The EPA has a long to-do list to correct environmental justice failures
The U.S. Commission on Civil Rights issued several recommendations about how the EPA should meet its environmental justice obligations. However, these findings are not legally enforceable.
- The EPA should test all private drinking water wells within one mile of coal ash ponds and landfills.
- It should conduct more studies on the human health impacts of coal ash.
- The EPA should independently investigate risks from coal ash disposal and the structural integrity of coal ash dams — and take any necessary enforcement.
- It should include affected communities in negotiating settlements.
- It should reclassify coal ash as “special waste” under the hazardous waste category. This would give the federal government more control over the production, transport and disposal of coal ash. Yet it could also allow for the ash to be recycled.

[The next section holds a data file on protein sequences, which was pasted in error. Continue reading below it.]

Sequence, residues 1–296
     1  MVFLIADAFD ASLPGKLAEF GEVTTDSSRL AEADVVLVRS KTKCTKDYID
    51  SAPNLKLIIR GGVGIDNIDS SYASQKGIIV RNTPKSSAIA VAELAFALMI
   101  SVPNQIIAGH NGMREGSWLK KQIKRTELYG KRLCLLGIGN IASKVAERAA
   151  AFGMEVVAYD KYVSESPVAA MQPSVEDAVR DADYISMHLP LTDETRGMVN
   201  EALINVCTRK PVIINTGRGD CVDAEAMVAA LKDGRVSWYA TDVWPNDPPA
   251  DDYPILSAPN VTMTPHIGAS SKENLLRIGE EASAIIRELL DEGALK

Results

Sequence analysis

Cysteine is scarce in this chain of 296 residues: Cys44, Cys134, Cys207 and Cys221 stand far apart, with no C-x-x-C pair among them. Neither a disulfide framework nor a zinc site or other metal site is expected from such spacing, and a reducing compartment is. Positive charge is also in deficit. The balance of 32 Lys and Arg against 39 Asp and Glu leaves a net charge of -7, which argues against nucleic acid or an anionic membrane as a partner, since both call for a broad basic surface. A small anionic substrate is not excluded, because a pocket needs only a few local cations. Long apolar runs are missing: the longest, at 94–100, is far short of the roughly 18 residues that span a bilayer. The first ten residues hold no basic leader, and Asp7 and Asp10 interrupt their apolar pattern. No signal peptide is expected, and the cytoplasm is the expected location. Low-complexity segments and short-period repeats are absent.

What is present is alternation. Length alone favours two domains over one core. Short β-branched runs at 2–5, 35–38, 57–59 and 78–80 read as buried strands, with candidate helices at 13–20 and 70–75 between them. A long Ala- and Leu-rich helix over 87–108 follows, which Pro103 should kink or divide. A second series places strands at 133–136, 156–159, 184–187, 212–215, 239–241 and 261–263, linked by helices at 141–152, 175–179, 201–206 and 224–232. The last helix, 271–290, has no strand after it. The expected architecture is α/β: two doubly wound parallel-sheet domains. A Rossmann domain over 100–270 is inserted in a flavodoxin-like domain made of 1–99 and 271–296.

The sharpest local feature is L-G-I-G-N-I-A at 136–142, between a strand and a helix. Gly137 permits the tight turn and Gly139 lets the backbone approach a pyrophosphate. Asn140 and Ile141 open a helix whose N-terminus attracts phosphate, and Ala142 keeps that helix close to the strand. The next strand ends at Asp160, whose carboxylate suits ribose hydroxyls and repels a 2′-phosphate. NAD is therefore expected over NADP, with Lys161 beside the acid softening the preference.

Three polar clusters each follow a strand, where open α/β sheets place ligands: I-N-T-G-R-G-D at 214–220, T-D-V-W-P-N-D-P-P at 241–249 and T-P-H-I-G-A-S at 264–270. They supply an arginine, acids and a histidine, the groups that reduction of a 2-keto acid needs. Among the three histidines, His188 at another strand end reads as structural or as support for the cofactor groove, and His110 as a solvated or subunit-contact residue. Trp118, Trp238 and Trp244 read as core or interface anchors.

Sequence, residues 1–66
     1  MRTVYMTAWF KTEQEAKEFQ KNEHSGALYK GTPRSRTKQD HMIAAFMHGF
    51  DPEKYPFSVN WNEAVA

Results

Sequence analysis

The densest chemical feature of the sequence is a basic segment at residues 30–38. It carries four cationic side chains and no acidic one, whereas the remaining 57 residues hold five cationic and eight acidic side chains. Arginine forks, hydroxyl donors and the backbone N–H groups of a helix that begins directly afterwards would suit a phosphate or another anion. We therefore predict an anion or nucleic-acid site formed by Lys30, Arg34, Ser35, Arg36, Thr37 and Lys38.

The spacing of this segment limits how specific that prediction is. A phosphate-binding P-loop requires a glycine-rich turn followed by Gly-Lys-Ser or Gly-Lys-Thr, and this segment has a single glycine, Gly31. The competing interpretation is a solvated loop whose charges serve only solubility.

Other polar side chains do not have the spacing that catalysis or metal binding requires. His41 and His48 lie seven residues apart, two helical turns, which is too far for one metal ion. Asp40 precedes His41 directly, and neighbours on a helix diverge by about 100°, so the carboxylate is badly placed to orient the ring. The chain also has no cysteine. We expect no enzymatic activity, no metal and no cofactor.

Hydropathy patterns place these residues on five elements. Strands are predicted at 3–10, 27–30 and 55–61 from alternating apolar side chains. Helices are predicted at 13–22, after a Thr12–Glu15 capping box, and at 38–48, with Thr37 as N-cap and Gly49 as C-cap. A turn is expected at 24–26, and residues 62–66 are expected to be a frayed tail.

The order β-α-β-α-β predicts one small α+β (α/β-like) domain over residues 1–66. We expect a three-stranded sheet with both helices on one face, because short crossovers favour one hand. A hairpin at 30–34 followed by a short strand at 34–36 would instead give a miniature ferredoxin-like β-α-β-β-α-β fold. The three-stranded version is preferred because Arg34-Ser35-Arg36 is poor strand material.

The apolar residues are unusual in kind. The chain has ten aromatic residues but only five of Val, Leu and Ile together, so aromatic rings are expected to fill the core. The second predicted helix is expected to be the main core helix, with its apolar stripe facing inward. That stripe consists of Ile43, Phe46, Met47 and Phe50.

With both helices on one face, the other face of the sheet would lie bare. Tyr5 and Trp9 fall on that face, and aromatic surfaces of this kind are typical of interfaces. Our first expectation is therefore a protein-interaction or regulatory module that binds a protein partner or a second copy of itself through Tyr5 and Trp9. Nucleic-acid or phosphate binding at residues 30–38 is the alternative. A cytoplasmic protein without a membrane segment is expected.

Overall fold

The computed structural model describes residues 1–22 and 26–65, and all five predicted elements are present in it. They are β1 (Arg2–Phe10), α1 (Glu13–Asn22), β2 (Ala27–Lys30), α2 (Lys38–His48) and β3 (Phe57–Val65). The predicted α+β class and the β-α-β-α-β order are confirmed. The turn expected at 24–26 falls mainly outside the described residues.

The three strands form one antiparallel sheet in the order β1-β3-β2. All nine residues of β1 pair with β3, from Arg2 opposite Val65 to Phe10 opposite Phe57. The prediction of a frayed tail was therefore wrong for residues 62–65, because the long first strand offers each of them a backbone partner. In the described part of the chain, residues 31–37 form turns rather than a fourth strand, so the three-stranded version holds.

- By 2018, the agency should review its final rule, which went into effect in 2014. In that review, the EPA should identify environmental justice issues near coal plants and consider the cumulative impact of many pollution sources on these neighborhoods.
- The EPA should not eliminate any deadlines, as the agency has proposed, in handling these civil rights cases.
- Congress should increase the EPA’s budget in order to hire staff in the Office of Civil Rights. Additional personnel could help reduce the backlog of cases and complaints.
- Congress and the EPA should commission a study to investigate options for the utility industry to compensate community members for health care expenses and land devaluation that resulted from coal ash contamination.
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